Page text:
Holyrood’s Local Government and Communities Committee has supported a Bill which proposes the first major reform of business rates in Scotland for decades.
The Bill was introduced this March following the Barclay review, which made a series of recommendations seeking to enhance and reform business rates north of the border.
In its Stage 1 Report on the Non-Domestic Rates Bill, the Committee said a clear majority of organisations from local government, business and the non-profit sector supported the Bill, describing it as a move towards a “more modern and fair ratings system”.
The report also welcomed the moves to change revaluations from every five to three years and to reform a ‘clogged’ revaluation appeals system.
There was also support for the introduction of the ‘Business Growth Accelerator’, which would reduce the rates bills of growing firms.
Over and above the Bill, the report also highlighted the need for practical steps to reverse town centre decline and bring back shoppers and businesses to Scotland’s high streets.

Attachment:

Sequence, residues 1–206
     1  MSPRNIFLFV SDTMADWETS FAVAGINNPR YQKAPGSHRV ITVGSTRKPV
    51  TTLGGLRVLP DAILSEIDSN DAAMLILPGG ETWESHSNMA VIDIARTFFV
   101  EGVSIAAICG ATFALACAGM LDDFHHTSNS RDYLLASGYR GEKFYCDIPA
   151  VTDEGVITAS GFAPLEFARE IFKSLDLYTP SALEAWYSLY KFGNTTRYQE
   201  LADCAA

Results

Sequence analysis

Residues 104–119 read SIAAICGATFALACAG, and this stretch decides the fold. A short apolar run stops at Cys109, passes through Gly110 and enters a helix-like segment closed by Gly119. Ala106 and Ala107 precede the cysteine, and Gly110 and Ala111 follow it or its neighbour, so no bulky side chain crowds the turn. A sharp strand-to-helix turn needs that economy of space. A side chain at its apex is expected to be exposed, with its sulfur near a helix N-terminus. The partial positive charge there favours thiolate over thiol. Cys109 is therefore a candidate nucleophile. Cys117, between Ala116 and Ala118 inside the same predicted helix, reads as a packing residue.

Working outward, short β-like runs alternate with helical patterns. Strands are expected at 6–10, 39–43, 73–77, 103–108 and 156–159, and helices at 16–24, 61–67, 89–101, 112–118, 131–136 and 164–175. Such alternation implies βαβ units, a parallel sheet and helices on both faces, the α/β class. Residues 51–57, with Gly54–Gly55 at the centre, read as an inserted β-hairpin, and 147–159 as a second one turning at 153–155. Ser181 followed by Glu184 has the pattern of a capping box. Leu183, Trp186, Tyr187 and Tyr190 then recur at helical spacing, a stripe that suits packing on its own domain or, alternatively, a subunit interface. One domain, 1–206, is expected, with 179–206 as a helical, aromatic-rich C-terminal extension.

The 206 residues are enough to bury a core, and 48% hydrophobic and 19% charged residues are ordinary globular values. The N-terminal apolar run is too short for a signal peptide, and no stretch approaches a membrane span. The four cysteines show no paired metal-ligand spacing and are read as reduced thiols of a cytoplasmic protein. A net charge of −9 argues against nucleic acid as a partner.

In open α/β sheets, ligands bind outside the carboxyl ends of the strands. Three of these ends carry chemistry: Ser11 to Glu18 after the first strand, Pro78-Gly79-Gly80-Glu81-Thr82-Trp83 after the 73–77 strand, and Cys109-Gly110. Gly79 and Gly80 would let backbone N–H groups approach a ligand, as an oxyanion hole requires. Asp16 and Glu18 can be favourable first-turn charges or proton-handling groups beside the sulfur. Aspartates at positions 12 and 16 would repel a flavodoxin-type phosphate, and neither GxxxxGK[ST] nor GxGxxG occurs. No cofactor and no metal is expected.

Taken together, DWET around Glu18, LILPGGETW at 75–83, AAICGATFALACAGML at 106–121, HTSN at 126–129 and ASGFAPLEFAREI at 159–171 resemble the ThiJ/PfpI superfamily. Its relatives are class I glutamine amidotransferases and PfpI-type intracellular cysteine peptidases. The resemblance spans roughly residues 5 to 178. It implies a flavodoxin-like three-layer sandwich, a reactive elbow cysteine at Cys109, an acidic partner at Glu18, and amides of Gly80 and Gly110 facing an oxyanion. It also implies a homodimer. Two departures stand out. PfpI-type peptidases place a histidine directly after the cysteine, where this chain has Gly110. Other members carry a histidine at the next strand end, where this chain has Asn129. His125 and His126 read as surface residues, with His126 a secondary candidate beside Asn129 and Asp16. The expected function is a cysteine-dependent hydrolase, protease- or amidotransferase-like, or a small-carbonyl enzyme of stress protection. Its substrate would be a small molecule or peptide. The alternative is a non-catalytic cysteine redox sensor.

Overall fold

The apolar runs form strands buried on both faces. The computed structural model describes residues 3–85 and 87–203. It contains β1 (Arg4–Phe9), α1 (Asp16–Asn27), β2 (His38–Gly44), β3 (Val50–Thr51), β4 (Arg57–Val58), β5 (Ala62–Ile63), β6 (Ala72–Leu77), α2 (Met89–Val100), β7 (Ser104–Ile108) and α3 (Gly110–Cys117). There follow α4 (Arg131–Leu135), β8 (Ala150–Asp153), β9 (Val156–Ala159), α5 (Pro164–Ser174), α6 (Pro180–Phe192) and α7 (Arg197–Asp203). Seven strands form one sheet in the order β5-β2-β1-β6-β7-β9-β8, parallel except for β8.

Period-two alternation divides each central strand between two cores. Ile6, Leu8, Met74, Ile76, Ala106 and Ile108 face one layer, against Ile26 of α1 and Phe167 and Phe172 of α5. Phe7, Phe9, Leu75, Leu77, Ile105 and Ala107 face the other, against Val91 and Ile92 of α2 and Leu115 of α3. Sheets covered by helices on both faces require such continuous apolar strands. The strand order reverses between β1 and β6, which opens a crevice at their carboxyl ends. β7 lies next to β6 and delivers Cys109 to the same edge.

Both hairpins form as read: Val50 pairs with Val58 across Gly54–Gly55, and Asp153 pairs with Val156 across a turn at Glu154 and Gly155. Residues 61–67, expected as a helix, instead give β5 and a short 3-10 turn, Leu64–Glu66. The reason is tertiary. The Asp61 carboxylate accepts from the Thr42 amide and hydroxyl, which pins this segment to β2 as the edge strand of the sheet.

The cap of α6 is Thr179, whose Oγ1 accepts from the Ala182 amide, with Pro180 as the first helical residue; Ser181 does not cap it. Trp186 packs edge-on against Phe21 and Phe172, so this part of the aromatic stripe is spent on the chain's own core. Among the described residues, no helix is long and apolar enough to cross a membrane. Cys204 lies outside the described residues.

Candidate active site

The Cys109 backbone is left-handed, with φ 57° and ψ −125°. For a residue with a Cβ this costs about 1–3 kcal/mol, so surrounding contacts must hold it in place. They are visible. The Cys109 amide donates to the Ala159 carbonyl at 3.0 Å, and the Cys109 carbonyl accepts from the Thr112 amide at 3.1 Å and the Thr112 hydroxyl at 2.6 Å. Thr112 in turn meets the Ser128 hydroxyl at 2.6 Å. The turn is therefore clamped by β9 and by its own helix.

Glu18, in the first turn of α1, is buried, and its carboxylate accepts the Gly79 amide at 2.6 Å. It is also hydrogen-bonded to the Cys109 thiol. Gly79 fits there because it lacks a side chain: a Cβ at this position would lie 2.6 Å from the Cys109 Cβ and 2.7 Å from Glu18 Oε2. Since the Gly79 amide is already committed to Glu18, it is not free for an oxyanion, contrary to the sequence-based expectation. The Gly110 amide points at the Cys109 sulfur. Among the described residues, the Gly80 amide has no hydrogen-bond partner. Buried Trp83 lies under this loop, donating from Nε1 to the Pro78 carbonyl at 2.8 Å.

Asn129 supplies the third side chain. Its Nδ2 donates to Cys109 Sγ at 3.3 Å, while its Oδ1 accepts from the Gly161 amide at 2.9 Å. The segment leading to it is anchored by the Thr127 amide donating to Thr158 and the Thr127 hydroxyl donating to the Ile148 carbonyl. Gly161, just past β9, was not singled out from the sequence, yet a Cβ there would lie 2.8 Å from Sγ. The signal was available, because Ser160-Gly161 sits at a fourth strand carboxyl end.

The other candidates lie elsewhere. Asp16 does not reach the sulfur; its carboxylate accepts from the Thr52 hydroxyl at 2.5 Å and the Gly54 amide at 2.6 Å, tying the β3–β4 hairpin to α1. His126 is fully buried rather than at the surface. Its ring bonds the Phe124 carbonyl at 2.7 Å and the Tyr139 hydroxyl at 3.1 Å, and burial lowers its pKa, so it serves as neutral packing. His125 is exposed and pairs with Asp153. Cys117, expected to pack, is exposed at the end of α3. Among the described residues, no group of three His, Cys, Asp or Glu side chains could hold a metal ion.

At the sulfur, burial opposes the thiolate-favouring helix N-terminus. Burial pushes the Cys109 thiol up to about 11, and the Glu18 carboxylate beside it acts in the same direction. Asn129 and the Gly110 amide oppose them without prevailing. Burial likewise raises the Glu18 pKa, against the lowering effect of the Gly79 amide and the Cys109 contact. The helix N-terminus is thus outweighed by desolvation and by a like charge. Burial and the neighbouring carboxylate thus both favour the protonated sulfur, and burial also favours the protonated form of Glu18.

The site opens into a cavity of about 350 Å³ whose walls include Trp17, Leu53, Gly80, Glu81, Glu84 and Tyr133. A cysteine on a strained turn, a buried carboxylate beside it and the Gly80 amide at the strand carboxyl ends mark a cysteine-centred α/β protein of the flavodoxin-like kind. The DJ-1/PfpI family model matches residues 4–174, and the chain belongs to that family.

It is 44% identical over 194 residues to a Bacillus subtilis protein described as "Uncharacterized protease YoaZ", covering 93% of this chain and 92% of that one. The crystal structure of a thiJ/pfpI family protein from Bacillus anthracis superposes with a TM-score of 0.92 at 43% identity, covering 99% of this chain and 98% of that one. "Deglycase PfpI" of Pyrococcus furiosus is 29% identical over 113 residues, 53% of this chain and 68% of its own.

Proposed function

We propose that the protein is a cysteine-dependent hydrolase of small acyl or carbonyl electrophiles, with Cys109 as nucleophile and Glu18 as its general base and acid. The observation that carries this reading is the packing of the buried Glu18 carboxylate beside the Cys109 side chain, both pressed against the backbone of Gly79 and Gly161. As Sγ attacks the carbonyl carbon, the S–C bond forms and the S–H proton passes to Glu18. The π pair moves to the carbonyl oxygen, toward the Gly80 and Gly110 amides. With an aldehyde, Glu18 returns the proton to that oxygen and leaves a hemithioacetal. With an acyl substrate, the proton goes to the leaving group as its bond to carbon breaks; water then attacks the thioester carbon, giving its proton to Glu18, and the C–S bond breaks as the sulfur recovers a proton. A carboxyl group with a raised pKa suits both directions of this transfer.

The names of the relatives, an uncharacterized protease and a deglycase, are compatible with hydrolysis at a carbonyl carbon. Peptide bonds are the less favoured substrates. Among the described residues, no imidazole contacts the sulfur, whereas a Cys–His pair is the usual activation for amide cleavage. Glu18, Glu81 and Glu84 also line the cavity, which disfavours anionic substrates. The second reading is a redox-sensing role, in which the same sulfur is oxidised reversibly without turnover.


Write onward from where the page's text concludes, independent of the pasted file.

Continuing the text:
Committee Convener James Dornan MSP commented: “This is the first Bill for many years to make large scale changes to the rates system in Scotland and there is no doubt that it will help provide a more modern and equitable ratings system.
“We welcome much needed proposals to bring revaluations up to date with current market conditions and to reform an appeals system that has become almost an automatic part of the process for some ratepayers.
“Despite our support for the general principles of the Bill, it should not be considered a silver bullet. More must be done to tackle the issue of town centre decline, and work must be ongoing to ensure the rates system does not block organic business growth and encourages the wider societal benefits we all want to see.”
The Bill will now be debated in the Scottish Parliament.